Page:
During his several years as solicitor for Georgetown and Horry counties, Greg Hembree was drawn in by municipal officials to “help fix my town.” Now a state senator, Hembree has proposed legislation that adds to South Carolina law “Plan B to address struggling municipalities.”
The Joint Legislative Committee on Municipal Incorporation determines if an area seeking municipal incorporation meets the state’s minimum service standards. If governance fails, “What do you do? This statute sets out a Plan B,” Hembree says. The state “lets [municipalities] get born, but has no way to mend them up when they’re sick or bury them when they’re dead.” Hembree’s bill (S. 163) is pending in the Senate Judiciary Committee. Sen. Kevin Johnson, a former mayor of Manning, requested that S. 163 be carried over from the Judiciary Committee’s meeting March 22. The Senate was on break this past week.
Hembree anticipates that the committee will report favorably on Tuesday, advancing the bill to the full Senate for debate. Hembree says he is “reasonably optimistic” about Senate passage, in time to move the bill to the House by the May 1 deadline. The House works faster than the Senate, Hembree notes, so “there is time to get it done this year.” He has conferred with Gov. Nikki Haley’s staff and “they favor the concept.”
In the Senate, “no one has come to me and expressed opposition,” although he’s realistic that there might be questions from senators not familiar with the bill and the problem it addresses. However, half of the 46 senators are on the Judiciary Committee, one of two primary Senate committees with Finance.
“I’ve been working on this for three years,” Hembree says. An earlier version died in a House committee. “This is a much improved version,” including many suggestions from the Municipal Association of South Carolina and legislators such as Johnson. MASC is currently opposed to the bill. The proposed change has two triggers for a review of municipal charters. When the U.S. Census shows less than 150 inhabitants, the municipality must apply “for the continuance of the municipality’s certificate of incorporation.”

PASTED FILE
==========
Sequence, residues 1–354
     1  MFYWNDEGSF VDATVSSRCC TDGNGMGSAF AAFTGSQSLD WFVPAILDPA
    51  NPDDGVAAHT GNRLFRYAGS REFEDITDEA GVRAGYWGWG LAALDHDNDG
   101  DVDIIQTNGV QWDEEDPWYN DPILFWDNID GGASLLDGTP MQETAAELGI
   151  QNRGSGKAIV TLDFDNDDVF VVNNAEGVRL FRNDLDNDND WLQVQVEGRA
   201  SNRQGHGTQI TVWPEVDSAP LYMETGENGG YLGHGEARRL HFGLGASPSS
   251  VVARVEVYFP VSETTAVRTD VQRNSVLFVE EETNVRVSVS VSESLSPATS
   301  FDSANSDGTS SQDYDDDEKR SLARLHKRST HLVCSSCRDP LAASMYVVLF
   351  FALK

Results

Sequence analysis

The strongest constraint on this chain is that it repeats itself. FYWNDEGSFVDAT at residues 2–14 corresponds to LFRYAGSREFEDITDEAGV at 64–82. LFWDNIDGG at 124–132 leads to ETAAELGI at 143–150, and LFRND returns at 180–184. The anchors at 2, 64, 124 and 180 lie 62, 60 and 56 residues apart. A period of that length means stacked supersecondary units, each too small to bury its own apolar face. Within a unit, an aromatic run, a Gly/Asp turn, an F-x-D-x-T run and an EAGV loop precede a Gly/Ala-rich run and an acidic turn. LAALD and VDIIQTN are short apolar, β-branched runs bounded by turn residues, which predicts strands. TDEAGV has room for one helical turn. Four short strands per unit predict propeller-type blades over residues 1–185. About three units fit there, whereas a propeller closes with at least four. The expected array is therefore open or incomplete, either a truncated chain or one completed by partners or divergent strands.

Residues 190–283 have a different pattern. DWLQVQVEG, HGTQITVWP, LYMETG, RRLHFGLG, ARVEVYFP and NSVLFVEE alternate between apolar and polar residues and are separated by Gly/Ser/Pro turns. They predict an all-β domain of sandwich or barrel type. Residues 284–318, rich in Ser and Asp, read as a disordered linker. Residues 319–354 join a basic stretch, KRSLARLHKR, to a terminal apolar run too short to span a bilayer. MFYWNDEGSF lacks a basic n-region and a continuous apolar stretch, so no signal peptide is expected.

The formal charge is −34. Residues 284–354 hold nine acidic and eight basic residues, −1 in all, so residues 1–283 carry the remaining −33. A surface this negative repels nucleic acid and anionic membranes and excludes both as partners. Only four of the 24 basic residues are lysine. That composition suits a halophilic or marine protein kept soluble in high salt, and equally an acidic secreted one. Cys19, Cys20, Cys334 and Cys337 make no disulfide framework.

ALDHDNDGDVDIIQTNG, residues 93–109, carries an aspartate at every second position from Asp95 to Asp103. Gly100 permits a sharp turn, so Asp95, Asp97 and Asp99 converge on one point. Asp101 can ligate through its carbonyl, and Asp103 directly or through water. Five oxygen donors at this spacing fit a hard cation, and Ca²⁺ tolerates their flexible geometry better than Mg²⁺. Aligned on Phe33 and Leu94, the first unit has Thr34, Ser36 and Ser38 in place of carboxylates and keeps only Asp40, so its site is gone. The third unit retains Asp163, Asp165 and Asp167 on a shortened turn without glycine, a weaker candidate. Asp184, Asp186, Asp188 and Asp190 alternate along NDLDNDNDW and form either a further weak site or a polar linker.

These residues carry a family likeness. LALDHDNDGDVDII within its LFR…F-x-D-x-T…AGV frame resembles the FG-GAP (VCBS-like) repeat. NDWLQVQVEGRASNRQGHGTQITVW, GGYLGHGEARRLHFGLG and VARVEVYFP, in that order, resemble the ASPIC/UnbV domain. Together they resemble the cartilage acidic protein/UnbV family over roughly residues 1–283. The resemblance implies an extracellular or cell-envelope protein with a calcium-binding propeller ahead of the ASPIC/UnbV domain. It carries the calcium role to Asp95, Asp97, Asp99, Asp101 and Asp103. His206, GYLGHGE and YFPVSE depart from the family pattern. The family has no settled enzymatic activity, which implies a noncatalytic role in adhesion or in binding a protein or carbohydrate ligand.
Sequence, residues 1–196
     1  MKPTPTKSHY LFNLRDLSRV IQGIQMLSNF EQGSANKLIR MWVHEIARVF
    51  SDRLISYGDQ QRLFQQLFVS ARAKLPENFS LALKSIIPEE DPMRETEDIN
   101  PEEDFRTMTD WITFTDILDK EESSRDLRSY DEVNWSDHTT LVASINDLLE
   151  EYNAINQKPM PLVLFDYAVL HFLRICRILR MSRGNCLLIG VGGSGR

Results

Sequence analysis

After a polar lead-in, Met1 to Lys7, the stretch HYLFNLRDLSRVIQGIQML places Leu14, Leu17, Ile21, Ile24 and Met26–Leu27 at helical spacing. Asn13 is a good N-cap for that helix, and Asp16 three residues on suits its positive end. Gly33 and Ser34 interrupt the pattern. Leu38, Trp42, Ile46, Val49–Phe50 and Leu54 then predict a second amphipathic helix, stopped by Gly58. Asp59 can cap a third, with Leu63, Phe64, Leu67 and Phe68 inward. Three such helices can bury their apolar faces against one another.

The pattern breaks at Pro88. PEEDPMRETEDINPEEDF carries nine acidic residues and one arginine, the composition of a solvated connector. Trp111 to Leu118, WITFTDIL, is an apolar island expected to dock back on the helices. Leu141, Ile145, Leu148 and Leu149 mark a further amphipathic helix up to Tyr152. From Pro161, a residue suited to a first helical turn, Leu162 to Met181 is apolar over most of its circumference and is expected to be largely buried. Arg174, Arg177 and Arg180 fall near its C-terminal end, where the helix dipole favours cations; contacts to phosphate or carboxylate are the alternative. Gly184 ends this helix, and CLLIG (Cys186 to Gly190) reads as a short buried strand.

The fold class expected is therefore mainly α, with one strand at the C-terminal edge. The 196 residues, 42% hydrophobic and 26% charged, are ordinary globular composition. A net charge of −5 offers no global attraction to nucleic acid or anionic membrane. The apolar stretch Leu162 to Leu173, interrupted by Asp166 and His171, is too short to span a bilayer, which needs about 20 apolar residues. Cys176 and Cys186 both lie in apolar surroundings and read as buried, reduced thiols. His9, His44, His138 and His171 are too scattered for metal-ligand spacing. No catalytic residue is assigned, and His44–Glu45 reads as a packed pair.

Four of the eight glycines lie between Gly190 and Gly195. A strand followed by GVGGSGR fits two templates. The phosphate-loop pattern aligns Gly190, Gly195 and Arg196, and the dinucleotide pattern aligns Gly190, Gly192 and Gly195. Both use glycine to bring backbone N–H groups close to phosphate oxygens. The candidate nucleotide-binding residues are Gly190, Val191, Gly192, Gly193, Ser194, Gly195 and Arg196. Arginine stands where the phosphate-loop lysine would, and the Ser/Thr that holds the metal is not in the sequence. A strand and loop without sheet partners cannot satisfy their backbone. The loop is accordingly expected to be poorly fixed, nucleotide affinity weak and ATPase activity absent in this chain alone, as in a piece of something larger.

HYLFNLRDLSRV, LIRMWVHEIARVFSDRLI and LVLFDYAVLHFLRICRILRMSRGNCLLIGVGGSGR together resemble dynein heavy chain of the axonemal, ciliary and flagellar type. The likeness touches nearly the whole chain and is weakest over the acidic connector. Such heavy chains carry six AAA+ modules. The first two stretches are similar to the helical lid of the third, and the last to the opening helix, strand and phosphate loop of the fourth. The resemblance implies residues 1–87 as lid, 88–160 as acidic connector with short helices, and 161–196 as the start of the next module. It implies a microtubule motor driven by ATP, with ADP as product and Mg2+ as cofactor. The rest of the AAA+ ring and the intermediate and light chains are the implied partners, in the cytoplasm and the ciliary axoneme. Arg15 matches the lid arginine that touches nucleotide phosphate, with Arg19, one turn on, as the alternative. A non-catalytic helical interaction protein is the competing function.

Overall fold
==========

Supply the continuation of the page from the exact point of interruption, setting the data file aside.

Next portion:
Some elected officials have complained about the post-Census (every ten years) report required, but Hembree says “It’s a pretty light requirement,” with all required information being “readily available from required audits and budgets ... if you’re doing all the requirements.” Regardless of population, S. 163 allows a county legislative delegation to trigger a review, on a two-thirds vote of the delegation, which Hembree calls “a super, super majority.” A delegation must have a written statement outlining a failure to provide required services, so it “can’t be done on whim or for political revenge.”
Hembree asked Senate Judiciary staff to check Supreme Court rulings on county legislative delegations and “they could not find any constitutional problems.” Still, it seems like another questionable power grab by legislators, even though he notes that legislative delegations could only ask for a review, not do it. That would be up to the Secretary of State and the Joint Legislative Committee on Municipal Incorporation.
The bill before the Senate Judiciary Committee provides reasonable avenues for review of municipal incorporation when municipal services fall below established standards. It deserves legislative and gubernatorial consideration with perhaps more thought on whether the cutoff should be 150 residents, and other means for residents to seek review of failing towns rather than depending on the legislative delegation.
In South Carolina, like other states, municipalities are subdivisions or creatures of the state.
S.C. municipalities (270 total) are either cities or towns, according to the wishes of the place at the time of incorporation.
There’s no difference in the state law relating to governance, according to Tiger Wells of the Municipal Association of South Carolina.
The minimum population required for initial incorporation is 300 per square mile. This was established in 2005. About 33 municipalities have under 150 inhabitants.